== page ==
Queen Elizabeth II: Who wrote the letter on the coffin?

Funeral service for Elizabeth II.
Who are the lines from? Letter on the Queen's coffin is a mystery

A letter on Queen Elizabeth II's coffin.

This letter on Queen Elizabeth II's coffin has concerned many people


One detail attracted particular attention at the funeral service for Queen Elizabeth II: a letter protruded from the wreath of flowers on the coffin. Who is it from? A search for clues.

Around four billion people are supposed to funeral service for Queen Elizabeth II, which took place in Westminster Abbey. One detail aroused particular interest: a handwritten card peeped out of the bouquet of flowers on the coffin of the deceased monarch.

It was quickly speculated on the Internet what could be on it - and who the sender is. And quickly there was a clear favourite. Several details point to a person.

Flowers from King Charles III's garden.

First to the place setting: the flowers and herbs on the table coffin come from the gardens of the royal residences Buckingham Palace and Windsor Castle. And Charles' country home, Highgrove House. A first clue to the originator: the wreath was put together at the request of the new monarch. Very likely that the letter is from him.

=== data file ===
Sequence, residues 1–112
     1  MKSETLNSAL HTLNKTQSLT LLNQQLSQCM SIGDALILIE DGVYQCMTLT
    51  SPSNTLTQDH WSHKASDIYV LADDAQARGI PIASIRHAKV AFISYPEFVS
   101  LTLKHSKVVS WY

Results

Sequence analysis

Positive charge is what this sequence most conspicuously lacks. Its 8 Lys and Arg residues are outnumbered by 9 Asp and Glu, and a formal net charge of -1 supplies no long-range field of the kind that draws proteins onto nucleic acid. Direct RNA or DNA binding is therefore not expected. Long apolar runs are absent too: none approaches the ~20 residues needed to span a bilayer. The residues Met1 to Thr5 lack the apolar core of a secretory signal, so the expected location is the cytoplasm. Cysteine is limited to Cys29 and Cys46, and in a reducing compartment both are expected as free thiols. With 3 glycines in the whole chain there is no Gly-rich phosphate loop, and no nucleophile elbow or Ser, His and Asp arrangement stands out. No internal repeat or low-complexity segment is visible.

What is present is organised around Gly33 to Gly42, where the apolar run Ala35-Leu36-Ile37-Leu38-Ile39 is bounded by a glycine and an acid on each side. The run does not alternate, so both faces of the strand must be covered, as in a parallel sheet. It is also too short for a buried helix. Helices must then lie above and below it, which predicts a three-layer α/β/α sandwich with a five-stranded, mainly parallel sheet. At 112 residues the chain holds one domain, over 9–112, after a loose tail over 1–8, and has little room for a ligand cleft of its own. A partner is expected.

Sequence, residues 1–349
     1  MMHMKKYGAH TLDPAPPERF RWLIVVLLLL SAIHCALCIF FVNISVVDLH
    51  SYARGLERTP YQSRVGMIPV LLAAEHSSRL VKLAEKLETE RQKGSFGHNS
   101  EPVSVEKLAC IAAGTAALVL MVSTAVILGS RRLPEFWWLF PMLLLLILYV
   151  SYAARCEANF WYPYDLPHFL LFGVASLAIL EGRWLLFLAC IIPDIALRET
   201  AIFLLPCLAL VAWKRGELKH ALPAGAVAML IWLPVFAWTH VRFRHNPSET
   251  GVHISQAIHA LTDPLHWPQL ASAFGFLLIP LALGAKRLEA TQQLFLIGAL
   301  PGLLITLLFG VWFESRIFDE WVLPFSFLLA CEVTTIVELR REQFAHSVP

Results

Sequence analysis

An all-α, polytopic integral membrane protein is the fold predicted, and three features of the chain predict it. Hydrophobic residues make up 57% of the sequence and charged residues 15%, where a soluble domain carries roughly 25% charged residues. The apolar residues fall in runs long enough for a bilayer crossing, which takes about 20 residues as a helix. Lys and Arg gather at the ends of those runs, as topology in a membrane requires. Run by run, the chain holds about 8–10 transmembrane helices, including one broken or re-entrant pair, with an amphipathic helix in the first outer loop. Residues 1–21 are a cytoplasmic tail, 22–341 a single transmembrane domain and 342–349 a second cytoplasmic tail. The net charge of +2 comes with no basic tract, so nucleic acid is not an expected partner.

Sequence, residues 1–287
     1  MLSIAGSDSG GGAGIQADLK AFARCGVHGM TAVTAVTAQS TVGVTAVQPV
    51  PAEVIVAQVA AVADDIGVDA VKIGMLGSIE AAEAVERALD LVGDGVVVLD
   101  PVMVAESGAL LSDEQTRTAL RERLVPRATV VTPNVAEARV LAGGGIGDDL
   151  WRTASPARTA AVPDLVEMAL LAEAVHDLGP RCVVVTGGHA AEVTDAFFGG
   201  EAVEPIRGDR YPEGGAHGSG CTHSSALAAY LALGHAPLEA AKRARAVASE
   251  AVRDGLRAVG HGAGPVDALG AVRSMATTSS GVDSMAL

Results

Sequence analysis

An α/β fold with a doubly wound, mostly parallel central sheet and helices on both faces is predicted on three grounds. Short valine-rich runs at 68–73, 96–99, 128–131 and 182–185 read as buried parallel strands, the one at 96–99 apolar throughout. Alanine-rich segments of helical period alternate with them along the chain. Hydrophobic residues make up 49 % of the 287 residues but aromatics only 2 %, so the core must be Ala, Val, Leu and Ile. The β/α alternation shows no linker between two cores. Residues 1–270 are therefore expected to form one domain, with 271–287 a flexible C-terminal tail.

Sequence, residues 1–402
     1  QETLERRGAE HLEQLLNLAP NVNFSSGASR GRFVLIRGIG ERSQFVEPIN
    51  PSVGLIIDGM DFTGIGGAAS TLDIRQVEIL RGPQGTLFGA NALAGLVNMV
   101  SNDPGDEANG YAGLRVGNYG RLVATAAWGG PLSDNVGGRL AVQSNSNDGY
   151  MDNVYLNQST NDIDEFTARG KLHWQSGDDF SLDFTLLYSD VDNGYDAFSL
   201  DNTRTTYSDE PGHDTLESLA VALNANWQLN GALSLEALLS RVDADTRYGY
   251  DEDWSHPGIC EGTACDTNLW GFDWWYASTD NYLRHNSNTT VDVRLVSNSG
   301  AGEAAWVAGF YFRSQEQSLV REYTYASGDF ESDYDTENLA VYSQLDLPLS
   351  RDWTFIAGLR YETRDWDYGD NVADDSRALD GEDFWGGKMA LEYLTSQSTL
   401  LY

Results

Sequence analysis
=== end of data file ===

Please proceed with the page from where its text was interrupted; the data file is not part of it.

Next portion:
Zooming in, the coat of arms above the letter can be seen: Buckingham Palace. The official residence of the Queen for decades. Since her death, her successor has resided there: King Charles III. The words can also be deciphered to some extent: "In loving and devoted memory".

According to several Royal experts, Charles is the originator of the letter. As the new king, he gives his predecessor his last words. At the same time, the 73-year-old is following a very special tradition: the letter reminded many Royals fans of Princess Diana's funeral in 1997. A handwritten letter was also included with the coffin, addressed to "Mummy". He came from their then underage sons Harry and William.

Now Queen Elizabeth II also received a letter on her last journey - from her son Charles. A moving, personal touch on a day that is otherwise heavily dominated by the established ceremonial.

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